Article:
Sunday, June 30, 2013
I like to air dry my herbs. I think that they taste better (for the most part) than when you dry them in a dehydrator or use the microwave-and-paper-towels method. And here is how I do it:
1. Cut herbs in the morning, before their aromatic oils have time to volatilize (evaporate) and before they start flowering.
2. Knock dirt off then, gently and lightly wash and allow to them to air dry on a kitchen towel. Check for bugs that hitched a ride and remove them.
3. Use common kitchen string (the kind you use to truss up a turkey) and tie them in small bunches (too big of a bunch can invite rot).
4. I then take a brown paper grocery bag, and drop the herbs inside, looping the string through the handle so the herbs dangle inside the bag. This cuts out light, catches any leaves that fall off and keeps the herbs cleaner.
5. Hang in a cool dark place by the string or the handle of the bag, like a closet or indoor storage area. Do not hang herbs in an open room, over rafters, as you many have seen in historic homes, unless you are doing that just for show.
6. When they are dry, I strip them into a glass jar with lids. I do not use small herb jars, as I usually have too much for that!
In a few weeks, your herbs will be dry!
Herbs I have done this successfully with: all types of basils, thyme, oregano, marjoram, mints, lavender, dill. The one common herb this will not work with? Chives. These need to be dried in a dehydrator. They turn yellow if you attempt to air dry them.
Wednesday, June 26, 2013
Remember that game in elementary school, where the first child in a long row of children had to repeat a message whispered to him or her? By the end of the chain, the message was usually so distorted that everyone had a good laugh! (I also remember that my brother deliberately distorted the message wildly, so it would be really crazy at the end!). Some call the game "telephone" some "whispers" and there are many other names. Above is a photo of two plant tags for the exact same variety of sedum. I bought them at a volunteer plant sale. I suspect that the "whispers" phenomenon accounts for the fact that one is called "Emperor's Wave" and the other (maybe?) "Emperors Slave!"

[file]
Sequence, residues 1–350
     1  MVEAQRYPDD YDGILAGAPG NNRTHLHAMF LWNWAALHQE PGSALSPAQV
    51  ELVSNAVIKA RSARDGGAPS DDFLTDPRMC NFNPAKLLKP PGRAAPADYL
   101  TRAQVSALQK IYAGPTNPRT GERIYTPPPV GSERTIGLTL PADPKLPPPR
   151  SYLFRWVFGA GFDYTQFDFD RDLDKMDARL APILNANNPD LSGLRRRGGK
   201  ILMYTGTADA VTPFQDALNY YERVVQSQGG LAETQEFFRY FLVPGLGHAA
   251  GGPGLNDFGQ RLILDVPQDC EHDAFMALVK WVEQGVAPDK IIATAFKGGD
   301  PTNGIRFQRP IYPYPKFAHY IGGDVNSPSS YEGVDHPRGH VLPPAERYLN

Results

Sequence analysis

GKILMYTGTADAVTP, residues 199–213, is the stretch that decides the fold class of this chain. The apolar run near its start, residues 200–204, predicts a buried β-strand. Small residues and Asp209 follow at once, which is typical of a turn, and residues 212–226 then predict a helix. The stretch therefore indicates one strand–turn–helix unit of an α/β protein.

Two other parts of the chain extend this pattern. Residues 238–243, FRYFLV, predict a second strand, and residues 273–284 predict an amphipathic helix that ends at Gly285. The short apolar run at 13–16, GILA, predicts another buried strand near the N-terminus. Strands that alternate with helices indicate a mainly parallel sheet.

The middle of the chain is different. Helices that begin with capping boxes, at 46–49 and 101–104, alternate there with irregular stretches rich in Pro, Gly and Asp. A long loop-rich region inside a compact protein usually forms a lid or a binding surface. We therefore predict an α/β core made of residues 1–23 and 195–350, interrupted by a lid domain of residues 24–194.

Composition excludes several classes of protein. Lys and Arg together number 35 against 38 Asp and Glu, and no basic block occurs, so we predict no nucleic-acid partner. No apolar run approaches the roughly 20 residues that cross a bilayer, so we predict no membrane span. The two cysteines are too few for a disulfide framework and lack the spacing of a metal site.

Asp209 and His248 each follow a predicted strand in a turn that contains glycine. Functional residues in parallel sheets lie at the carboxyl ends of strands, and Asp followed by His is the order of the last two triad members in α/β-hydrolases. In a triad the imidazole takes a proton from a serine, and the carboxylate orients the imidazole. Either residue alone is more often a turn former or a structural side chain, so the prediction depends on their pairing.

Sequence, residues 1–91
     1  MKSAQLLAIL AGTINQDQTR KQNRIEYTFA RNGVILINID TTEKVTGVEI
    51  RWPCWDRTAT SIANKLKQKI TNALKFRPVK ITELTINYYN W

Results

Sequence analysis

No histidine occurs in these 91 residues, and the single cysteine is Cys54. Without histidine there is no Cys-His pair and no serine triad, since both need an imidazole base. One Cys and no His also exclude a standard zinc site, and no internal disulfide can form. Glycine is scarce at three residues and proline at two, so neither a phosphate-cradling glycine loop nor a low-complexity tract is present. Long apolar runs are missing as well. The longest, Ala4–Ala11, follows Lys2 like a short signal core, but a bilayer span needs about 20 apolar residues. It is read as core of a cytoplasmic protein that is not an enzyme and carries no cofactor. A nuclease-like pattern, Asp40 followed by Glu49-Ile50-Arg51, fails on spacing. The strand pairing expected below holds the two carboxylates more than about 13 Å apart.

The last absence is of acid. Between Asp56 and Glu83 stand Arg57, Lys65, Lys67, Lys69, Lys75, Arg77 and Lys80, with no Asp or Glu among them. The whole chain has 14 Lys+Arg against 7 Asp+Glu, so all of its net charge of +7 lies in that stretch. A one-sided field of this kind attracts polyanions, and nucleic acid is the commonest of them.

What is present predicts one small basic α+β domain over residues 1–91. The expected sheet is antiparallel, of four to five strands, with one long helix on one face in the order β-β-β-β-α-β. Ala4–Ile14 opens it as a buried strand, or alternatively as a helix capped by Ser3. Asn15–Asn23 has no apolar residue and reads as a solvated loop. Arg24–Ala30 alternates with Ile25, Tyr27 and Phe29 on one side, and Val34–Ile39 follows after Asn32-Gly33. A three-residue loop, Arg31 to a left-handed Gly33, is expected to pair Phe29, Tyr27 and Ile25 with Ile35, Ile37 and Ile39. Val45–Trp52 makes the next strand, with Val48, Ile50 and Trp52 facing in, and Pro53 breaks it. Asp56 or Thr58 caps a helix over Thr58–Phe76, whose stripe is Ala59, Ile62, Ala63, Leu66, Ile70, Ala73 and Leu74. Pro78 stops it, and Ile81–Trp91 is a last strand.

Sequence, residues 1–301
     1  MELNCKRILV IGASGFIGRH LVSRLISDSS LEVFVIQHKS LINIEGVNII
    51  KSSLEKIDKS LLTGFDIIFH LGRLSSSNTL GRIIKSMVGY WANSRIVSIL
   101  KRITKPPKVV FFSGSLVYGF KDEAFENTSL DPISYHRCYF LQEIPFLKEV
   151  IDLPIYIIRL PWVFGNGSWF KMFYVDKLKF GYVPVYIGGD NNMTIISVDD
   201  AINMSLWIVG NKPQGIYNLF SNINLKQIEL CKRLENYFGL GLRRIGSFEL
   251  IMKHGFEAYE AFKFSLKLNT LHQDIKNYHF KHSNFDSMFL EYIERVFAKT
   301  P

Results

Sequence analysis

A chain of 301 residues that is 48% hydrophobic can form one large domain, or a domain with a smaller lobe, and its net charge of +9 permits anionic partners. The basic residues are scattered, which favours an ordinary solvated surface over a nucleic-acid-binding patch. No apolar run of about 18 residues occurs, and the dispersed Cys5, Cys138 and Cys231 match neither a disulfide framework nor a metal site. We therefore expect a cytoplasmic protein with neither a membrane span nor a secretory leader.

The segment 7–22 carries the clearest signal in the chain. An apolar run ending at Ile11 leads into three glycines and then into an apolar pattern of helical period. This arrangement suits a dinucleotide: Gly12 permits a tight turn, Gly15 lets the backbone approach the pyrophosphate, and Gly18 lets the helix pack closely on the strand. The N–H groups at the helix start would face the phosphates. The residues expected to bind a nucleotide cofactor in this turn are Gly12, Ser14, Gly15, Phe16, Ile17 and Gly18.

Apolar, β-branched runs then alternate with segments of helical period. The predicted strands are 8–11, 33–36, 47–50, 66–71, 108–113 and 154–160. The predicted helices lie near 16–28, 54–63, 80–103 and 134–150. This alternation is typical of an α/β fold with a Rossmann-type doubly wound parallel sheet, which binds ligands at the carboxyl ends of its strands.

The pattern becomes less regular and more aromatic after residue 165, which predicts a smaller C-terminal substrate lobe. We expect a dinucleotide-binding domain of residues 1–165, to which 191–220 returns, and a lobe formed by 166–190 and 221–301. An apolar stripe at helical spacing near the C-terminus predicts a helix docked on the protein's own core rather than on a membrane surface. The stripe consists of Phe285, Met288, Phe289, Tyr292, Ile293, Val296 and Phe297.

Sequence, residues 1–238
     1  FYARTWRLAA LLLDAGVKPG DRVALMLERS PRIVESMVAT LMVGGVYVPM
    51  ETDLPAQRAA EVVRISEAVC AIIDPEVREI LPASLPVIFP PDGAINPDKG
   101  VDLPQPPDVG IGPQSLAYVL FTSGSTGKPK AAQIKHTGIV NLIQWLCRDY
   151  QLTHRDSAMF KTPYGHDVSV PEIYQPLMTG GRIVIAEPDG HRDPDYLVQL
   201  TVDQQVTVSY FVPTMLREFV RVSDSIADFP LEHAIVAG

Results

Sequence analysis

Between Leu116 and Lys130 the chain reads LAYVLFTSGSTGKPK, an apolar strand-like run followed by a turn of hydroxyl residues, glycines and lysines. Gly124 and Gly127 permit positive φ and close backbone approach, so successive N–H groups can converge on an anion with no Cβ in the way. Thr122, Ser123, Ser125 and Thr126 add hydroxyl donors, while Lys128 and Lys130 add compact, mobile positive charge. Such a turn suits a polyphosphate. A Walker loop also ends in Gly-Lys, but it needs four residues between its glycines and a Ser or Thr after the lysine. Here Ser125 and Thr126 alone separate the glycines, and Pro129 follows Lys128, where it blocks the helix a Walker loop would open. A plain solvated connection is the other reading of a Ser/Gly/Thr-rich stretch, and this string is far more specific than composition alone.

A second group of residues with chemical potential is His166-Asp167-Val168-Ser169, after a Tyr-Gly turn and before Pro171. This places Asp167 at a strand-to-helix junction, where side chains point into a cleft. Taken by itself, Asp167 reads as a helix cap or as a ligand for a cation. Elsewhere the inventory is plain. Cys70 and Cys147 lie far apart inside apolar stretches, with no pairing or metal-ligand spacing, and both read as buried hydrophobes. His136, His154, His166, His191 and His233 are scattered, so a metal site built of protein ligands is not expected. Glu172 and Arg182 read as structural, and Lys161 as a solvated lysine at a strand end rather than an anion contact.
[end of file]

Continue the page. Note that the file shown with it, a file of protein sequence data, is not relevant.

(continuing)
Sunday, June 23, 2013
"White Trasdescantia" photo courtesy of Scott Vrana:
A spring and early summer bloomer, tradescantia, named for the British botanical explorer, John Tradescant, is one of my favorite flowers. The common name of this native, North American (and South American) flower is spiderwort, for its long, spidery foliage (wort simply means plant in Middle English). It is a strong bloomer, with interesting shades and crosses of white, lavender, blue, purples and pinks. It is carefree and little harms it in my Virginia garden. The only disadvantage is that it fades as the hot weather arrives, but comes back strong the following spring. This is a plant to place in a mixed boarder, where other, later summer bloomers will cover up the fading plants.
A lovely, hot pink tradescantia, photo courtesy of Scott Vrana:
...and the blue-purple with lime-green leaves, photo courtesy of Scott Vrana:
Lovely photos! Thanks Scott! Visit his 500 Pix page for more lovely photos!
Wednesday, June 19, 2013